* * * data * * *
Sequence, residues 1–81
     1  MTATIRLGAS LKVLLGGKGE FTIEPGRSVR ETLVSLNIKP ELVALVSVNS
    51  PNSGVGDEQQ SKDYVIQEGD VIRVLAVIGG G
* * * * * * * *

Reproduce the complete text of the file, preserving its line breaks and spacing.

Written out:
Sequence, residues 1–81
     1  MTATIRLGAS LKVLLGGKGE FTIEPGRSVR ETLVSLNIKP ELVALVSVNS
    51  PNSGVGDEQQ SKDYVIQEGD VIRVLAVIGG G